The Magistrate Judge further recommended that Plaintiffs Complaint be dismissed for lack of subject matter jurisdiction because his state law claims failed to present a federal question or establish the minimum amount in controversy required for diversity jurisdiction. See Owens v. Bellevue Hosp. Ctr., 1996 WL 134227, at *1 (2d Cir. Mar. 25, 1996) ("Allegations of medical malpractice or negligent failure to provide treatment will not suffice to support an action under 42 U.S.C. § 1983"). In the event the court determined it has jurisdiction, the Magistrate Judge concluded that Plaintiff failed to comply with the filing requirements of Vermont's medical malpractice statute.[1]

         Finally, the Magistrate Judge evaluated Defendant's argument that Plaintiff failed to properly serve Defendant and concluded that because Defendant had received adequate notice of Plaintiff s Complaint as evidenced by its motion to dismiss, dismissal should not be granted on this ground. (Doc. 9 at 8.) The Magistrate Judge recommended that Plaintiff be granted leave to file an Amended Complaint. The court agrees with the Magistrate Judge's well-reasoned conclusions and hereby adopts the R & R in its entirety.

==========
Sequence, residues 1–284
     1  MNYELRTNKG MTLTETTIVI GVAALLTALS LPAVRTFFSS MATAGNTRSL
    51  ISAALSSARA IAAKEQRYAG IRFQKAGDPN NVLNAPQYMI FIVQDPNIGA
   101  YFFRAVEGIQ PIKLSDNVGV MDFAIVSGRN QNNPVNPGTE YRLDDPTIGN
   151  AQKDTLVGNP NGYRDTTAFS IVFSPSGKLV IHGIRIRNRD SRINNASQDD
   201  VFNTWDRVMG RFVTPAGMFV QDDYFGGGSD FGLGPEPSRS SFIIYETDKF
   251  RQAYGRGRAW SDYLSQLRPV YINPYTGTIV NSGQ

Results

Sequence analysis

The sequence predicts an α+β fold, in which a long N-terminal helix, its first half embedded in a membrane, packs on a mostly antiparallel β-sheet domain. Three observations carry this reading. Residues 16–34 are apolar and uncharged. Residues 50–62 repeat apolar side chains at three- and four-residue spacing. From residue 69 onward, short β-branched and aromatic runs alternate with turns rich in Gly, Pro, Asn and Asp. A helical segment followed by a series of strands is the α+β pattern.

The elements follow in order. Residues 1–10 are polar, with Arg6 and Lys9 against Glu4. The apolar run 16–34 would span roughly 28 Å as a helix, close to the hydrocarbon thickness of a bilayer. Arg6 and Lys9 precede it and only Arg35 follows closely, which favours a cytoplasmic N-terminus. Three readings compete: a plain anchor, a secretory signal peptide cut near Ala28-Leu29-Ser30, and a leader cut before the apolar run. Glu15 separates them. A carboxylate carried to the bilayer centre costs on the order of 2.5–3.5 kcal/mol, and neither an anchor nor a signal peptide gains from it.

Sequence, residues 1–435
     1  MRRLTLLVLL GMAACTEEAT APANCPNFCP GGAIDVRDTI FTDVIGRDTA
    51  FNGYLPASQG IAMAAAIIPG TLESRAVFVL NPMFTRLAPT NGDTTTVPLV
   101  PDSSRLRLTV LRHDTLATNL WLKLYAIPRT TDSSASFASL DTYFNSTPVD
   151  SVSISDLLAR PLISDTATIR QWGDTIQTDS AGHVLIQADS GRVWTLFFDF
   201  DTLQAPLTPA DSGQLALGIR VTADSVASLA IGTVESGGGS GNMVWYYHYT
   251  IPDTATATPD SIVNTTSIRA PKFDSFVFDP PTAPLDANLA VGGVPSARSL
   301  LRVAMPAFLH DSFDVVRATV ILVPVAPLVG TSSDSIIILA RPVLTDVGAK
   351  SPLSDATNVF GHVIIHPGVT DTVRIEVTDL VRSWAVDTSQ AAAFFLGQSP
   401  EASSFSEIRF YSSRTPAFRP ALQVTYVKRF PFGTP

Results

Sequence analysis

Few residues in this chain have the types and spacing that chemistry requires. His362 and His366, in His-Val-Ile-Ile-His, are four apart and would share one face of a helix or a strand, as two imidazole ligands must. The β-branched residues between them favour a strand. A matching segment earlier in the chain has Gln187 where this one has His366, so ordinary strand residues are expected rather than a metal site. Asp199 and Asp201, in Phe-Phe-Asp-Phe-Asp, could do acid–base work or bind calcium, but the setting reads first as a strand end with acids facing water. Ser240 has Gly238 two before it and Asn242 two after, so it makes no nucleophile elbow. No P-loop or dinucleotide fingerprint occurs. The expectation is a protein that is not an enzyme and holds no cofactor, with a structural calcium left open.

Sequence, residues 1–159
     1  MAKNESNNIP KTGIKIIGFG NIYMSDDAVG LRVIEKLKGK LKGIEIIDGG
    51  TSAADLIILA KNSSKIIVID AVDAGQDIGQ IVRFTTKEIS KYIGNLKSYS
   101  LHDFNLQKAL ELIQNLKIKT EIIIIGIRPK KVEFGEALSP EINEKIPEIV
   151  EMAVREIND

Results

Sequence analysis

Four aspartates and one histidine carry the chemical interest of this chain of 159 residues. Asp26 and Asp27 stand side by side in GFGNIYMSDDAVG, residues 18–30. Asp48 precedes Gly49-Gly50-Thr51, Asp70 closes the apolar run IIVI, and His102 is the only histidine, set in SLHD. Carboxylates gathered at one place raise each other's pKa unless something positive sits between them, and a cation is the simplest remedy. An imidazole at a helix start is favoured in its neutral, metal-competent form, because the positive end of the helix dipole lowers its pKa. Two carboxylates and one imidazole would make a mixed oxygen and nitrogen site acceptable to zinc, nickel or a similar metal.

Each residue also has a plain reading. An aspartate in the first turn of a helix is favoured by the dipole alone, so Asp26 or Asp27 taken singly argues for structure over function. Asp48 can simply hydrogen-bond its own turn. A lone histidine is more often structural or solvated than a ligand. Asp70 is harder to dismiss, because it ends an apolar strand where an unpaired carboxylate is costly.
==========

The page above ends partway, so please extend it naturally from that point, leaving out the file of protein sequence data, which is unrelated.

CONCLUSION

         For the foregoing reasons, the court hereby ADOPTS the Magistrate Judge's R & R (Doc. 9) as the court's Order and Opinion, and GRANTS Defendant's motion to dismiss on the grounds that Plaintiff failed to satisfy the PLRA's exhaustion requirement and establish the court's jurisdiction or comply with Vermont's medical malpractice pleading requirements. (Doc. 7.)

         Plaintiff is hereby GRANTED thirty (30) days from the date of this Order to file an Amended Complaint. Any amended filing shall be entitled "Amended Complaint" and shall consist of numbered paragraphs containing short and plain factual allegations, a short and plain statement of each legal claim Plaintiff asserts, and a clear and concise statement of the relief requested. See Fed. R. Civ. P. 8(a) (listing required contents of a pleading that states a claim for relief). In the Amended Complaint, Plaintiff must allege all claims and name all defendants that Plaintiff intends to include, as the Amended Complaint will take the place of the original Complaint in all respects. He must allege facts sufficient to establish either a federal question or diversity jurisdiction and, if he seeks to file a medical malpractice claim, he must comply with 12 V.S.A. § 1042(a) or allege facts that establish the requirements are not applicable. Failure to file an Amended Complaint in the time period provided shall result in the dismissal of all claims with prejudice.

         SO ORDERED.